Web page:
Just as no trip to Paris is complete without a visit to the Eiffel Tower, no trip to Siem Reap is complete without a trip to Angkor Wat and the surrounding ruins. Angkor, dating back to the 12th century, is one of the most important archaeological sites in the world, extending over approximately 400 square kilometres. For several centuries, Angkor was the centre of the Khmer Kingdom, with impressive monuments, several different ancient urban sprawls and large water reservoirs. The site is a unique concentration of features testifying to an exceptional civilisation. Ancient ruins such as Angkor Wat, the Bayon, Preah Khan and Ta Prohm, examples of Khmer architecture, are closely linked to their geographical context as well as being filled with symbolic significance.

The park is still inhabited, with many locals’ ancestors dating back to the Angkor period. These days the population practices agriculture and more specifically rice cultivation.

While there are a variety of ticket options to explore these magnificent ruins, a one-day pass will set you back US$37. Instead of joining a big tour group, simply hire a tuk-tuk for the day. All the tuk-tuk drivers around Siem Reap know the ruins like the back of their hands, and will happily drive you between the sights, at your leisure, for approximately US$20 per day. Bargain!

Take your time and explore each of the ruins, because it’s certainly not a case of ‘seen one, seem ‘em all’. Each ruin has its own vibe and history, and they’re all completely different. You may recognise Angkor Wat as a world-famous landmark, but you may also recognise smaller sights like Ta Prohm from the Tomb Raider film. Yes, Angelina Jolie made one of her most famous films there.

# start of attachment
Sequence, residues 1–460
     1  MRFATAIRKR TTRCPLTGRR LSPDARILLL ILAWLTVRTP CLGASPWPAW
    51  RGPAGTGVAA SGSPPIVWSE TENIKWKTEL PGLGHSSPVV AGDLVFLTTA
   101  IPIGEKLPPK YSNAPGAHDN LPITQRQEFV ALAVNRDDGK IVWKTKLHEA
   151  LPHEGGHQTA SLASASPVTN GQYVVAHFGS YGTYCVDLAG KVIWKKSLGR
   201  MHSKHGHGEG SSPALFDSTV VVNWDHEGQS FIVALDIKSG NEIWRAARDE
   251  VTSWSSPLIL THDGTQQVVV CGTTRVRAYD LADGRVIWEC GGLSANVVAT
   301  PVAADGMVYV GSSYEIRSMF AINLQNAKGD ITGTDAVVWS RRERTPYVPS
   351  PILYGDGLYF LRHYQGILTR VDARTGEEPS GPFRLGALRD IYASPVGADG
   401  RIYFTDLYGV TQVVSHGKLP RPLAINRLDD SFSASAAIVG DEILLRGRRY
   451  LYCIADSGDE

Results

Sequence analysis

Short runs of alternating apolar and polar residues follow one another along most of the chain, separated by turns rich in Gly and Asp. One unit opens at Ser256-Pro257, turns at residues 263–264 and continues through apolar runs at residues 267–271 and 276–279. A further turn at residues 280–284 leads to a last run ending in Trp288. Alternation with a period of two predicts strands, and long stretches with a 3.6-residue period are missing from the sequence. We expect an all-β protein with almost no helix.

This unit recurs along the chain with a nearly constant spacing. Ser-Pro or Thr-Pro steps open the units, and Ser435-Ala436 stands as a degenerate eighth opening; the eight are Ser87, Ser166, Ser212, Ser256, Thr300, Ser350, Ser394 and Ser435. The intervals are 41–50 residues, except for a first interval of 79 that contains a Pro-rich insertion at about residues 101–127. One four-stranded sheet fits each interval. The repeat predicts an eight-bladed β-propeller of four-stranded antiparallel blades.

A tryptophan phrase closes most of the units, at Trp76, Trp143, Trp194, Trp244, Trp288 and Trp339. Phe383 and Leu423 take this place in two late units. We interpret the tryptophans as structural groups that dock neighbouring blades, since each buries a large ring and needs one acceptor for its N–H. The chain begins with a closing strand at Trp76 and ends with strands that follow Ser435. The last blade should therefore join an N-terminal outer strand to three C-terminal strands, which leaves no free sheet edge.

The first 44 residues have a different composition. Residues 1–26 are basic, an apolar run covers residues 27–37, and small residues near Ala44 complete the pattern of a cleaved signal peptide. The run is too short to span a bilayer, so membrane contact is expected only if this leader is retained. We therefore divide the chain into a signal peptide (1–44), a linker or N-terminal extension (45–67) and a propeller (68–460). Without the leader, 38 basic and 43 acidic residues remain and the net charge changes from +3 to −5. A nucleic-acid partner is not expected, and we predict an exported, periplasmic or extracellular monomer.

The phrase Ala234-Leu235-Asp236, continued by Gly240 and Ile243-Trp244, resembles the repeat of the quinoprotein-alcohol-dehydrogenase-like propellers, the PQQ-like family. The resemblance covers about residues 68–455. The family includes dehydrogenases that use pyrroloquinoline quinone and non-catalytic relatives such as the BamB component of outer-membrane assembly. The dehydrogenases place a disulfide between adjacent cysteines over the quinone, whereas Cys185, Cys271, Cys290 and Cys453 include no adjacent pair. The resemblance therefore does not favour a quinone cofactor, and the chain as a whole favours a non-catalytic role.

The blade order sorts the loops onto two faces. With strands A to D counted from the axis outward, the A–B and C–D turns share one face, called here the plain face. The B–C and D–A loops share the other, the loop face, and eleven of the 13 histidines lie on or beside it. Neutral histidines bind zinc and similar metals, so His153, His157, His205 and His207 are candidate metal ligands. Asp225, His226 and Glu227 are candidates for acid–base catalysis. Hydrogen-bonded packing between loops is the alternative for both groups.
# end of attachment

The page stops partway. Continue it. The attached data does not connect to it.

Just a few minutes from the peace, calmness and serenity of Angkor, you’ll find the exciting sights and sounds of downtown Siem Reap. You won’t come across any skyscrapers, shopping malls or highways here. Instead you’ll find a charming town of small roads and alleys mostly reachable by tuk-tuk.

While Siem Reap isn’t exactly the shopping haven that is nearby Bangkok, it has a fascinating night market which is a must-see. You’ll be able to purchase clothes, bags, accessories, wood and stone carvings, brass and silverware, local artwork, and even massages, at a steal.

However the town’s most popular spot is undoubtedly Pub Street. As the name suggests, it’s a road consisting entirely of bars and restaurants, attracting hordes of tourists every night of the week. It’s here that you can find local hops at just US$0.50, and an endless variety of local and international cuisine. Due to the incredible variety on offer, we suggest having starters, mains and desserts at different restaurants. Make a night of it!